Right Intention: Morally guided force will seek to advance a greater good and secure a greater peace then heretofore had existed. Aquinas insists that belligerents should have a right intention “so that they intend the advancement of good, or the avoidance of evil.” “It may happen,” he notes, ” that war is declared by the legitimate authority and for a just cause, and yet be rendered unlawful through wicked intention.” Unjust war is perhaps best illustrated by what does not constitute right intention. Such scenarios include a sovereign’s pride or reputation, vengeance, national aggrandizement, blood-thirst or lust for power, and territorial expansion. For war to be just, its aim must be a greater good, and that greater good is justly ordered peace…A just response acknowledges the greater goal of a just peace and goes beyond sentiments of hatred and vengeance that are so typical of human behavior. It is cognizant that anything apart from just cause negates the morality of the response.
Again, referring back to my last post, this criteria assumes a moral standard that can be determined through time and wisdom. Many of us look at this criteria and throw up our hands saying, “Who can really know if an intention is good or bad?” But this assumes no moral standard or at the very least an inability to determine right from wrong in concrete situations.
One more thing to remember is that this is not the only criteria. In other words, good intentions are not enough to make a war righteous. Many a country has violated other just war criteria by declaring that their motives are good.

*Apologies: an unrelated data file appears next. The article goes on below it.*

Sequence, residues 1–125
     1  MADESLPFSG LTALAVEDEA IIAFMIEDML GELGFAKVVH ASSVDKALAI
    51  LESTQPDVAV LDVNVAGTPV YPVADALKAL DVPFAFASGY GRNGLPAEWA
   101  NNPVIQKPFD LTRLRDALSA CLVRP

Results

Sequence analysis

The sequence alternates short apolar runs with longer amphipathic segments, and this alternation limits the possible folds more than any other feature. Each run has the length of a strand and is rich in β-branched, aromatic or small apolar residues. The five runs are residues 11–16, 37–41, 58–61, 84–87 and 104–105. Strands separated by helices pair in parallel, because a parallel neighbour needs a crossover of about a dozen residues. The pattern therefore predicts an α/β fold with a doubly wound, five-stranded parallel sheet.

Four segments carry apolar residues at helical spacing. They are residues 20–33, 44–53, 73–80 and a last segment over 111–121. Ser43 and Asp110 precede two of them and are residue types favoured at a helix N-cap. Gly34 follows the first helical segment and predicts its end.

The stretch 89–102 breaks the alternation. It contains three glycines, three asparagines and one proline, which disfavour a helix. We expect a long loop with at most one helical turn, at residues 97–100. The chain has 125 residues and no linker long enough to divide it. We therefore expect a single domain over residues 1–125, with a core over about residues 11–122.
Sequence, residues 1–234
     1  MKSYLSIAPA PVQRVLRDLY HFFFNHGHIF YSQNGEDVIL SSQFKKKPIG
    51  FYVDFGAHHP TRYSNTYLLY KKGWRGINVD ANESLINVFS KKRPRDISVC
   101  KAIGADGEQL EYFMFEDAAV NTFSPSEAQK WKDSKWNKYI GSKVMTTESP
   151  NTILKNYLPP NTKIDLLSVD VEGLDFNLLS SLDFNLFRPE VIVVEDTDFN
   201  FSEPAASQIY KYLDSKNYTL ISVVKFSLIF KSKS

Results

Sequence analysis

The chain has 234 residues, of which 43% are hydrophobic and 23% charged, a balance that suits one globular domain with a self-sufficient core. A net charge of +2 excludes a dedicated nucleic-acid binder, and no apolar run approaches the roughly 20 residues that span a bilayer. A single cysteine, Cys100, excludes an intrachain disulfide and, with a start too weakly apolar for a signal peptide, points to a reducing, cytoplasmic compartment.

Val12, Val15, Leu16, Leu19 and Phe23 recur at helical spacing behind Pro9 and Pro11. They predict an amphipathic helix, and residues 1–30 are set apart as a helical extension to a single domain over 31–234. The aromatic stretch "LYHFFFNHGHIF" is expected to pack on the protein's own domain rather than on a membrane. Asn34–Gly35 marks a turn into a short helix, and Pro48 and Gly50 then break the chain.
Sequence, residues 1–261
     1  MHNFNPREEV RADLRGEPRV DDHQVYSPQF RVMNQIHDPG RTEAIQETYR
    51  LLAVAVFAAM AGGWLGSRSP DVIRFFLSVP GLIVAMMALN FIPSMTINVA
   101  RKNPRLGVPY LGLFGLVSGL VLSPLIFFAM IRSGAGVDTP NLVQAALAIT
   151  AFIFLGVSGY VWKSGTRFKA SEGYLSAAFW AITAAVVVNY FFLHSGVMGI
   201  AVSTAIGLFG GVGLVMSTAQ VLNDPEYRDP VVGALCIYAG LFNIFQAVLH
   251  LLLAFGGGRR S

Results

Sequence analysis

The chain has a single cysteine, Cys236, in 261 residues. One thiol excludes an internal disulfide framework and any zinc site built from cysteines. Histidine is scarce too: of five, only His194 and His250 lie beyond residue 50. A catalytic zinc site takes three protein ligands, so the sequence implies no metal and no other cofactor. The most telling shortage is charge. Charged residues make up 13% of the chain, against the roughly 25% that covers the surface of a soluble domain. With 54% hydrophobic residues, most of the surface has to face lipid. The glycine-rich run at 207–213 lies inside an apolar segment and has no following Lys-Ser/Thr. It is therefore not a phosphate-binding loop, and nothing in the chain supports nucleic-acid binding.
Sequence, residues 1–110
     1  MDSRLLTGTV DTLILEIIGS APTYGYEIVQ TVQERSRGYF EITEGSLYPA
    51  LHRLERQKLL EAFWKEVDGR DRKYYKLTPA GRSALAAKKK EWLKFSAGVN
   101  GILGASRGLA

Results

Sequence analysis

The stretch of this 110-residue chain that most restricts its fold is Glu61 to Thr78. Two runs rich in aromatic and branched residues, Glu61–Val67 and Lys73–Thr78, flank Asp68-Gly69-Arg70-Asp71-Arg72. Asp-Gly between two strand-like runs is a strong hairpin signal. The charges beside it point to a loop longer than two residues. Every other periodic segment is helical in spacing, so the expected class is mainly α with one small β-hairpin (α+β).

There are two different types of just-war criteria. First, there is criteria for going to war. What conditions are necessary to enter a war righteously? Second, there is the criteria for conducting a just war. What is righteous when waging war? It is possible to violate the first, in other words go to war for an unjust reason, but conduct the war in a just manner. There are three criteria that just-war thinkers use to determine whether or not going to war is just. Here is the first. This entire quote is from Charles and Demy’s book War, Peace, and Christianity.
Just Cause. To establish the justness of a cause is to make fundamental moral distinctions-for example between innocence and guilt, between the criminal and punitive act, between retribution and revenge, between egregious human-rights violations (“crimes against humanity”) and the need for humanitarian intervention to restore basic human rights. In principle, just cause is motivated by two chief concerns: to rectify injustice or to prevent injustice; hence Aquinas can argue that “those who are attacked are attacked because they deserve on account of some wrong they have done.”
As fundamental as this idea is to Christianity and to humanity, in our age it difficult to swallow. Why? Many people, even Christians, are not sure objective truth can even be discovered. Can we really tell who is right and who is wrong? Aren’t all sides wrong in a war? Aren’t we just talking about degrees of guilt with no real innocence? Who can even determine if a cause is just or not? Relativity has infected us to such a degree that many Christians not only cannot tell the difference between innocence and guilt, they are not sure such a difference even exists, at least in the practical area of day to day life.
As I read Charles and Demy’s book one thought that struck me over and over again was that just-war thinking only works in a world of objective truth. If we cannot know what is true and good then justice is lost. For just-war thinking to prevail there must be a standard of guilt and innocence and the belief that with time and wisdom we can determine who the guilty party is in a conflict.